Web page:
top of page
  • Writer's pictureCurtis Mcilvaine

Blade Runner review

This has been a long time coming for me, this is the first time I’ve seen bladerunner. Which is surprising both due to my love for science fiction, but also considering “Alien” is among my favorite movies. Which is also a Ridley Scott film, claimed to take place in the same universe.

I knew a bit about the film before seeing it, that it was a massively impactful science fiction film that shaped the genre for many years after with its visuals and style, but it didn’t do well upon initial release. It came out the same year as “E.T.” and “John Carpenter’s The Thing”. E.T of course performed excellently, but Blade Runner and The Thing were panned and ultimately underperformed, becoming cult hits rather than big box office performers.

Big critics like Ebert acknowledged the visuals of the film, but ultimately considered it style over substance. Which I can see how someone could get that impression.

I saw the “Final Cut” version of the film, which lacks the infamous narration. I may go back and watch the other versions to get a more complete picture, but this version is said to be the best overall.

But I’m this version, there is a lot of dead air. Much of this film is people walking through alleyways or staring into the distance looking for someone. Which does make sense given the noir influence, but noir is a very esoteric genre that rarely performs well. Not very often do you find blockbuster hits that are slow, meticulous, moody, brooding, and thought provoking.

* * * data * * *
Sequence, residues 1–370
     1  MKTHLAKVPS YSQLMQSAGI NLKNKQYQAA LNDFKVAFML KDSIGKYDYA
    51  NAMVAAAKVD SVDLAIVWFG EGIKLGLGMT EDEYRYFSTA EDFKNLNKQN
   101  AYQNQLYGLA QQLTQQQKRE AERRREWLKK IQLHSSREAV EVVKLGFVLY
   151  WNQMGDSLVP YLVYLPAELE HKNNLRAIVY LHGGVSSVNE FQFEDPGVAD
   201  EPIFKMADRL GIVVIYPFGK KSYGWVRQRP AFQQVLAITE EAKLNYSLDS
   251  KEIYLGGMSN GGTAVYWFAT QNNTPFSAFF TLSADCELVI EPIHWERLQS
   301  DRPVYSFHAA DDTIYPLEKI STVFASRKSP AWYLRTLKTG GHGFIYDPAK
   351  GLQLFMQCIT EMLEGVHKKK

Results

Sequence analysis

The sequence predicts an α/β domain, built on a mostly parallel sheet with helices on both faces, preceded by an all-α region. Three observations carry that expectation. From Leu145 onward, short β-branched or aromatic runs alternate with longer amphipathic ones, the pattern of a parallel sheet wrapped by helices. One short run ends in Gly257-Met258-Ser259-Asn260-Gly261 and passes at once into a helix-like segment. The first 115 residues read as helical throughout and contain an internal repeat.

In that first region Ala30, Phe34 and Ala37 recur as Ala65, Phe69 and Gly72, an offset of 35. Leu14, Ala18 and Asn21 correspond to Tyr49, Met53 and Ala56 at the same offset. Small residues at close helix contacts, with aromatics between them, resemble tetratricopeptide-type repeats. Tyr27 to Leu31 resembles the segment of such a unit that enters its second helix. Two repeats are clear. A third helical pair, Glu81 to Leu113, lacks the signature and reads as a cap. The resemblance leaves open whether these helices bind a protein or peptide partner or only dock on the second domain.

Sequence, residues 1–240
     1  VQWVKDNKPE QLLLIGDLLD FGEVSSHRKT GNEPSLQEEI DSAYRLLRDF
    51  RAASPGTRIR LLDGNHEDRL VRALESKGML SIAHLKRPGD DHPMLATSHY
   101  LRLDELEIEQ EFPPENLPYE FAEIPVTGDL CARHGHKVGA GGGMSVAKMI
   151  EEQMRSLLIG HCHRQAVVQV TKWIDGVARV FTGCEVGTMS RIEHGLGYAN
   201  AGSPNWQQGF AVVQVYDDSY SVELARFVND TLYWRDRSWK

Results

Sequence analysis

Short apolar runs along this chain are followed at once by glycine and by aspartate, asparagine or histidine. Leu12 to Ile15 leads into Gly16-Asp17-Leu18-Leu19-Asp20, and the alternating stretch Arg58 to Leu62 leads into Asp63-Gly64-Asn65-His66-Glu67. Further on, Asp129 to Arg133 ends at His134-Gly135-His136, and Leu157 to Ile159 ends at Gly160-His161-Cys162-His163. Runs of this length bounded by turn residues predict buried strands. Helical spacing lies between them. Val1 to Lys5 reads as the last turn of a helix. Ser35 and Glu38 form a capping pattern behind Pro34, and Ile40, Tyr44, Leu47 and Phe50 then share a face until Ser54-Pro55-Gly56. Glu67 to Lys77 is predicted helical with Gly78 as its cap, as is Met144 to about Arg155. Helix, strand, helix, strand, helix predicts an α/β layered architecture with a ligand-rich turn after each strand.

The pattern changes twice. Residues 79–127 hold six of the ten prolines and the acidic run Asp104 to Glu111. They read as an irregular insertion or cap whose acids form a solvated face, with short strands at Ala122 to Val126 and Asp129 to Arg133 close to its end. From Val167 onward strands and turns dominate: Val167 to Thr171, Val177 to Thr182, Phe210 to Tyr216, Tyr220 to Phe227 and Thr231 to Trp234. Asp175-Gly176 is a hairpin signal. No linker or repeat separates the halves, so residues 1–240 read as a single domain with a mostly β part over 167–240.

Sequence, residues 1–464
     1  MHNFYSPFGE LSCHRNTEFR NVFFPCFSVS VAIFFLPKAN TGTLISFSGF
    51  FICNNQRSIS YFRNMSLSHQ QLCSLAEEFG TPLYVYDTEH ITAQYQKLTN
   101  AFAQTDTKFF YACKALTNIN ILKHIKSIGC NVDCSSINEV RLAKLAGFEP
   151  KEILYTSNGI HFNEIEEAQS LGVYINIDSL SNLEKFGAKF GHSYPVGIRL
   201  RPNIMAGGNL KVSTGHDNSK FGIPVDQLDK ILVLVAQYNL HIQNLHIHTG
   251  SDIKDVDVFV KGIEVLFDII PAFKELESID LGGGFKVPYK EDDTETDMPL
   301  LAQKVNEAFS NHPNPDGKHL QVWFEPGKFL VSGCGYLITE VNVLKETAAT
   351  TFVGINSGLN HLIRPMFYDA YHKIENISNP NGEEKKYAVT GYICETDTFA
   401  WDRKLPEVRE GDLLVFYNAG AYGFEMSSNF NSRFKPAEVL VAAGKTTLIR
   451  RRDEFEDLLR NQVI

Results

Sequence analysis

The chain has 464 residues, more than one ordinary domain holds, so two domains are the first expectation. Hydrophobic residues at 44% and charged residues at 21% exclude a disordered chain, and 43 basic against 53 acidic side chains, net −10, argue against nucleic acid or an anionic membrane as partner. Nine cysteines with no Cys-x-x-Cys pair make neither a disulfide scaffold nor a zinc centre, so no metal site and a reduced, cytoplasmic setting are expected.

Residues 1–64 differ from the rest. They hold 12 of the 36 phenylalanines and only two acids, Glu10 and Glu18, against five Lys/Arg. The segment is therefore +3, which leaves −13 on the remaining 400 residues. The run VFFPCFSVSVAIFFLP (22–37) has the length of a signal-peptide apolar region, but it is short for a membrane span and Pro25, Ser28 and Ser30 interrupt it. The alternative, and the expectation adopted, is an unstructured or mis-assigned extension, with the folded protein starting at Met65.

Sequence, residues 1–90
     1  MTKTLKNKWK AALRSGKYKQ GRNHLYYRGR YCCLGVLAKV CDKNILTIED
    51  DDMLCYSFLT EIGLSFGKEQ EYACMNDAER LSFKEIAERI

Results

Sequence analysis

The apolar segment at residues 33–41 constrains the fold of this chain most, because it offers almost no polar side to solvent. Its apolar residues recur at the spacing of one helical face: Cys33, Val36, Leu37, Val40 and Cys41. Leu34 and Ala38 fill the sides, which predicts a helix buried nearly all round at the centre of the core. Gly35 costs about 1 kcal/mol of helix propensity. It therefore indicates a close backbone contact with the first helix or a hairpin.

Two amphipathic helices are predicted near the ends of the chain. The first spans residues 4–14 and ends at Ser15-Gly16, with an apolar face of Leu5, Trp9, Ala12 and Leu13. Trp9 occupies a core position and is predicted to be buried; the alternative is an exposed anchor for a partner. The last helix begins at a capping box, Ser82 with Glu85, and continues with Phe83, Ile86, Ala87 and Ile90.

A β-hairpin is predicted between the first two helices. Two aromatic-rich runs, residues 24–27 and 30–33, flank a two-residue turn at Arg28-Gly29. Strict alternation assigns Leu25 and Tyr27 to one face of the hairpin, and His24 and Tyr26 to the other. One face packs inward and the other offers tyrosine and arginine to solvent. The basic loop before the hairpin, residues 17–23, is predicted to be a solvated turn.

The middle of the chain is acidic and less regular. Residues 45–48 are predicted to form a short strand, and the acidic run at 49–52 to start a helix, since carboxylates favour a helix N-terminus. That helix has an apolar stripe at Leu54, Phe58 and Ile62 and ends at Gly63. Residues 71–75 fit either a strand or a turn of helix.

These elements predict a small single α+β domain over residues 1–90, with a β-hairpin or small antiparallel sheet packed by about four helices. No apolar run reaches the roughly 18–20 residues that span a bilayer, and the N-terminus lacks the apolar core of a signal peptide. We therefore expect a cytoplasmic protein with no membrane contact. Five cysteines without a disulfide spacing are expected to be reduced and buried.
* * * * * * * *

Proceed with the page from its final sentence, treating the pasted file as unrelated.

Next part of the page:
Personally I do feel this film is too slow. There is substance here but not quite enough to warrant its pace. But I think that’s my only major complaint.

It definitely does fit into the noir category, with its bleak story, sad setup, and morally grey to downright unlikeable lead character.

The story is about the bladerunner, effectively a special forces cop who hunts down replicants. Synthetic humans used as slave labor that have recently revolted and started killing their masters, now outlawed on earth, but a group has attempted to come back to find their creator, and perhaps save themselves from an early grave determined by their programming.

The main themes of this film are about humanity, are these replicants simply machines or are they deserving of empathy? Are they truly sentient? Do they deserve fair treatment? What defines a man, his blood or his consciousness?

I’m inclined to be sympathetic towards them, or at least the character Rachel given her innocence, and the fact that she was assaulted by the main character (this is why I said he was downright unlikeable). The main group of replicants, while they were slaves, also killed several dozen people for their freedom.

Outside of the films text, I notice the influence of this film in more recent media. One of my favorite video games is fallout 4, which takes pretty direct inspiration from this film for its plot about a secret institute creating synthetic humans, and you are given the choice as to whether you believe they are simply machines or something more. The outfit worn by the lead replicant seems to be nearly the same as the coursers in that game. And the referral to their creator as “father” I think was at least a reference.